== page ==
Invasive species detection
During my PhD I explored different application of eDNA for the detection of UK priority invasive alien macroinvertebrate species in rivers: targeted assays or species-specific detection using standard and qPCR and metabarcoding or community detection using Next Generation Sequencing. My aim was to demonstrate the application of these tools, firstly through a series of intensive mesocosm aimed at gaining a greater insight into how these species shed DNA. Secondly, by carrying out a number of field experiments designed to see how flow in river systems effects the DNA of these target species. (Blackman et al (in review) Targeting the invaders – targeted detection of four priority freshwater invasive non-native species using environmental DNA)
Dreissena rostriformis bugensis, quagga mussel, first found in the UK in 2014 in the River Wraysbury and is currently isolated to the Thames catchment having spread through water transfers between reservoirs. D. polymopha, zebra mussel thought to have arrived in the 1820s most likely due to the timber trade and is widespread and common in much of the UK.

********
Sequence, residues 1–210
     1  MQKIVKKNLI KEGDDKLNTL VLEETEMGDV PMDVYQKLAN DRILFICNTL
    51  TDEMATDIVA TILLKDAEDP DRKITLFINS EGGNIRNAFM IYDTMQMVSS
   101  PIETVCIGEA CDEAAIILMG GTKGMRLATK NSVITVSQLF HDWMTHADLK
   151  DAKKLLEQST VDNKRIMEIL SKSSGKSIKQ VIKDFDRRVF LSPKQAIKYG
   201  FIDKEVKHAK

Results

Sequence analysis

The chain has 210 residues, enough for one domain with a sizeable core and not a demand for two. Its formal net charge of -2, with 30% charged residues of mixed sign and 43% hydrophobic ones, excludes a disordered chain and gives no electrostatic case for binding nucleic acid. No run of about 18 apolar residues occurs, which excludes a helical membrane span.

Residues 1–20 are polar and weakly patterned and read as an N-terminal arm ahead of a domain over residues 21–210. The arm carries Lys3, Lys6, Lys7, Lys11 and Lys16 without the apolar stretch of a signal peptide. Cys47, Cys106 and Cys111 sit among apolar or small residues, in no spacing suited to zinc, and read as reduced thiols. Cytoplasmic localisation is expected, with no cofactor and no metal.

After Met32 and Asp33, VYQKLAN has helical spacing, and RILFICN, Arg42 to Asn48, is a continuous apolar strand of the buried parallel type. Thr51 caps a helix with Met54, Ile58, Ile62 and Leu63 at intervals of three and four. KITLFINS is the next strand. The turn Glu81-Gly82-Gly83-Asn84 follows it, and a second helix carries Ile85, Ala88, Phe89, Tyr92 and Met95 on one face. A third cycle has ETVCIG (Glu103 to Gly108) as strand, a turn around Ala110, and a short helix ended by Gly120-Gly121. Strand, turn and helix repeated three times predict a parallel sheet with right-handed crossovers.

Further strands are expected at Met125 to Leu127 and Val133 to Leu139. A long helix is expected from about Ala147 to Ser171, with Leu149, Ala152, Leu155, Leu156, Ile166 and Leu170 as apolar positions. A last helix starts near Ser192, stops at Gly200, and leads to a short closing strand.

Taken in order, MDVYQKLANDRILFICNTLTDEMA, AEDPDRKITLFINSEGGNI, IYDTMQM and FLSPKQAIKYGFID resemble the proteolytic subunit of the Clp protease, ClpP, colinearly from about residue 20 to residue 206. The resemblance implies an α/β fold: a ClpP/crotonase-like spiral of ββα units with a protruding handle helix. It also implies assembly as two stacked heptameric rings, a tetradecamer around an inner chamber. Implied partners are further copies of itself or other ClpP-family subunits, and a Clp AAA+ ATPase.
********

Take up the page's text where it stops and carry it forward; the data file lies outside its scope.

Dikerogammarus villosus, killer shrimp, first found in Grafham Water, Cambridgeshire in 2010 and now present in 5 locations in the UK and D. haemobaphes, demon shrimp first detected in the UK in 2012 but has quickly spread through the canal network.